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Robots can now even respect the personal space of humans

Robots may be able to mimic humans and do many of the things that we traditionally do, but they still have a lot to learn. Scientists at the Institute of Automatics of the National University of San Juan are teaching mobile robots how to keep from colliding with humans by showing them how to respect our personal space.

“Humans respect social zones during different kinds of interactions,” said study co-author Daniel Herrera. He documented how the specific conditions of different tasks and situations influence the distance of social zones. Personal preferences and cultural differences also factor into these expectations.

“When a robot follows a human as part of a formation, it is supposed that it must also respect these social zones to improve its social acceptance,” explained Herrera.

The researchers used impedance control in an effort to regulate the social dynamics between the robot’s movements and its interactions. To do this, the experts first established how human leaders and followers interact in a situation that has clear boundaries.

The feedback used by humans which encourages others to adjust their actions, such as letting someone know they are following too closely, became defined physical fields that were marked as social forces.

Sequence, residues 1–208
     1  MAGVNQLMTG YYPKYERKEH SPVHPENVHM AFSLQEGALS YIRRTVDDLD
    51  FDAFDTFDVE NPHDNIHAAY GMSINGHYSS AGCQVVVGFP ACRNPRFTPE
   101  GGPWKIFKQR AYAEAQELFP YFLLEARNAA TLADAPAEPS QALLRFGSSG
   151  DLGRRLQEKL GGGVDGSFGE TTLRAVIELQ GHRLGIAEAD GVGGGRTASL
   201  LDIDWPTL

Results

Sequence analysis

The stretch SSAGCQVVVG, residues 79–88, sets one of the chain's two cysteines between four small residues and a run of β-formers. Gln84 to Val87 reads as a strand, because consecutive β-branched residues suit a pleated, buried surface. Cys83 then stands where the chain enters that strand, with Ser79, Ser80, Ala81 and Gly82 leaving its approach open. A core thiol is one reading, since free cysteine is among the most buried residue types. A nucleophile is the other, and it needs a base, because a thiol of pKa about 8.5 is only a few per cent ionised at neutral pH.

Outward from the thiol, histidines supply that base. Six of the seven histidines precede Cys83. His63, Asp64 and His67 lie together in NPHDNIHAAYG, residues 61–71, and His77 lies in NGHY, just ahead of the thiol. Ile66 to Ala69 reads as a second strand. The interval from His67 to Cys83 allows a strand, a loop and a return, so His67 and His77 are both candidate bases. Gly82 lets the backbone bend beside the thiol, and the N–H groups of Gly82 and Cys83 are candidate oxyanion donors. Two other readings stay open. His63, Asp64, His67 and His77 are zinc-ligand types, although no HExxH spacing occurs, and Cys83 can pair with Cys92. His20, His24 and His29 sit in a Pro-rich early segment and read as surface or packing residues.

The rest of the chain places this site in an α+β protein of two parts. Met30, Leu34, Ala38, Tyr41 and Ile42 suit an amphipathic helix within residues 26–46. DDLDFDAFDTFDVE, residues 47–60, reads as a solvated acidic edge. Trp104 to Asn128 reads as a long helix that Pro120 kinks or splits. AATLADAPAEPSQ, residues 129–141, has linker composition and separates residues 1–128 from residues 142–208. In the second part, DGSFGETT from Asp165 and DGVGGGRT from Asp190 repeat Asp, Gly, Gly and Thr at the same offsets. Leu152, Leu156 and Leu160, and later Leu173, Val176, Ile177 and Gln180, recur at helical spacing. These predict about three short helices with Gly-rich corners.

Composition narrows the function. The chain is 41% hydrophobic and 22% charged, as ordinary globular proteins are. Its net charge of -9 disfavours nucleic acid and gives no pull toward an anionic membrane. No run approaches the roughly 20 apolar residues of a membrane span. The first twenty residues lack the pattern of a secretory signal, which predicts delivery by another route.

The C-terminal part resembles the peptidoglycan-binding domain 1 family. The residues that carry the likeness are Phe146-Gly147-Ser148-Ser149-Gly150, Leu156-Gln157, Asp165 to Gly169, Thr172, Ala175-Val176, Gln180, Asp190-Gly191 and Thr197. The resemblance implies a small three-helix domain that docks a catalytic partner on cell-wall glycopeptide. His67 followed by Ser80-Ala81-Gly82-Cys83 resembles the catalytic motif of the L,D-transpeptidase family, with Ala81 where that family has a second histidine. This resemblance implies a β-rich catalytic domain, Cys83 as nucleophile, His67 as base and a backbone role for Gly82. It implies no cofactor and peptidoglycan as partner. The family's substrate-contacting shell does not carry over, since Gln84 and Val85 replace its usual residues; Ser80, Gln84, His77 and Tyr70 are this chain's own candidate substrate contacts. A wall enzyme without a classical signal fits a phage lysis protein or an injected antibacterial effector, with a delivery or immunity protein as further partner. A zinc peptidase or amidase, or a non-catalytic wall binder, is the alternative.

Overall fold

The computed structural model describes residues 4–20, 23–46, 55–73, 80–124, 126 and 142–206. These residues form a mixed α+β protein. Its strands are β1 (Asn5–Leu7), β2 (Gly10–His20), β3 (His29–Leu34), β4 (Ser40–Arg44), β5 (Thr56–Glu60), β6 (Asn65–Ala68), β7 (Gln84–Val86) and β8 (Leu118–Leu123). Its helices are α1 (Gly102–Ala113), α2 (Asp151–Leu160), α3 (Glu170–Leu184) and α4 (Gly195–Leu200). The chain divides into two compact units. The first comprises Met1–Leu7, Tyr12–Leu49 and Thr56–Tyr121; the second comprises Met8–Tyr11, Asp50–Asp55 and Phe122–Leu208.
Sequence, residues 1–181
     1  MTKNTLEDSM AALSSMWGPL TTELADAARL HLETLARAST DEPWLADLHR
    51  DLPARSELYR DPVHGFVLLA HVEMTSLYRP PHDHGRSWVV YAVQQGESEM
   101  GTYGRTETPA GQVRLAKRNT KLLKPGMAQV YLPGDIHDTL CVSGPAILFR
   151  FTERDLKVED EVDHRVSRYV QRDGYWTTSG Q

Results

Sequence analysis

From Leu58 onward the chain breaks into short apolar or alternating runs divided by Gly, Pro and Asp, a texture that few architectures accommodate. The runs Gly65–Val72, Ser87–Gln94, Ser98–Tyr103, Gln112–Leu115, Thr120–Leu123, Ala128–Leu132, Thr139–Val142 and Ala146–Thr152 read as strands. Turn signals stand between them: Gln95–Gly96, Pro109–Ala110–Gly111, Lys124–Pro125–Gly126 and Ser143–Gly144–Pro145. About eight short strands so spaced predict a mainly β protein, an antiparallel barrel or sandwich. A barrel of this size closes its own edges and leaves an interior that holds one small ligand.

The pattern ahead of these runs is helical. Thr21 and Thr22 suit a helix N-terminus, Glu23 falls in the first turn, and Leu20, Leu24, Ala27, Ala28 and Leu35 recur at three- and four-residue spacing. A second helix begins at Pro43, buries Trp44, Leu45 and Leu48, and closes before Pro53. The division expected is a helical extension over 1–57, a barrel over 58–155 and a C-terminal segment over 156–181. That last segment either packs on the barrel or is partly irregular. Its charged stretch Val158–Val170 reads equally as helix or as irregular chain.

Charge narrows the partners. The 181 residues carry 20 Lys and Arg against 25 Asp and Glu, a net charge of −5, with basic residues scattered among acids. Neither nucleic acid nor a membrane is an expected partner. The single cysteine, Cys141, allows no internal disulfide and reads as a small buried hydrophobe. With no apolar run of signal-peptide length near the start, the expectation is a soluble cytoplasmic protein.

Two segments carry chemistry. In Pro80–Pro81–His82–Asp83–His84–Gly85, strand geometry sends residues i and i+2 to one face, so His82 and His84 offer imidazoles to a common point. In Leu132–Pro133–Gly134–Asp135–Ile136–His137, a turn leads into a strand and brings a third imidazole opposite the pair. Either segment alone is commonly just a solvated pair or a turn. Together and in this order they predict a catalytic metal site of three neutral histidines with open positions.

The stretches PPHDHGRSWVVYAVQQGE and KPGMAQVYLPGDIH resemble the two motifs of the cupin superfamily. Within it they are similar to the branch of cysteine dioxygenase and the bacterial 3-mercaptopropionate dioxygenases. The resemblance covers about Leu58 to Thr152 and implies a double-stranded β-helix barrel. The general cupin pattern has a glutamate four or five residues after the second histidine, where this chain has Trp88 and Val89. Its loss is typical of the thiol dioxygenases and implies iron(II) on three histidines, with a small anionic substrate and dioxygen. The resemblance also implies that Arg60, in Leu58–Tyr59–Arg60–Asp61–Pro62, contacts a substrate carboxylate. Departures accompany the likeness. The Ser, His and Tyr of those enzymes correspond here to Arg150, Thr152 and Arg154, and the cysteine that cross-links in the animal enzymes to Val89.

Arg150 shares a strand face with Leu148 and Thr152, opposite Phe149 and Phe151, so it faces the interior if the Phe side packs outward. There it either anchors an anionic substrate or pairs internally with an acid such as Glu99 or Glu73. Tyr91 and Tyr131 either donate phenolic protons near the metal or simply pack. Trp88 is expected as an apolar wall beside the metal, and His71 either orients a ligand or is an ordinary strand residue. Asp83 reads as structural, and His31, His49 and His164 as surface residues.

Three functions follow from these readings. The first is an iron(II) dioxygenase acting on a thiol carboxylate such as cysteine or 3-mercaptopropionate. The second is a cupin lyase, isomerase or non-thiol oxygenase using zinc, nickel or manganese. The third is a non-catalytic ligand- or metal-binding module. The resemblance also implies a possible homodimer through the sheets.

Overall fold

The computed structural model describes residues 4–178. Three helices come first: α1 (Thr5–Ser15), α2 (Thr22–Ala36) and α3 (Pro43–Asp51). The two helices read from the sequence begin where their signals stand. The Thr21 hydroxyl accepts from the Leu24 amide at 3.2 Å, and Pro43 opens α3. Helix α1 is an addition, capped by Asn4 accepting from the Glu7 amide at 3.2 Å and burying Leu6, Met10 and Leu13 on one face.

The research team equipped a robot with knowledge of these accepted behaviors, including the estimated social forces. The programmed robot then followed a human within the same defined borders – without disrupting the social forces defined by the human interactions.

“Under the hypothesis that moving like human will be acceptable by humans, it is believed that the proposed control improves the social acceptance of the robot for this kind of interaction,” said Herrera.

The researchers believe that robots are more likely to be accepted if they can be programmed to respond like humans and also respect humans in social interactions. In this study, the robot followed just like a human, avoiding the leader’s personal space.

“The results show that the robot is capable of emulating the previously identified impedance and, consequently, it is believed that the proposed control can improve the social acceptance by being able to imitate this human-human dynamic behavior,” explained Herrera.

The study is published in the Journal of Automatica Sinica (JAS), a joint publication of the IEEE and Chinese Association of Automation.

By Chrissy Sexton, Staff Writer

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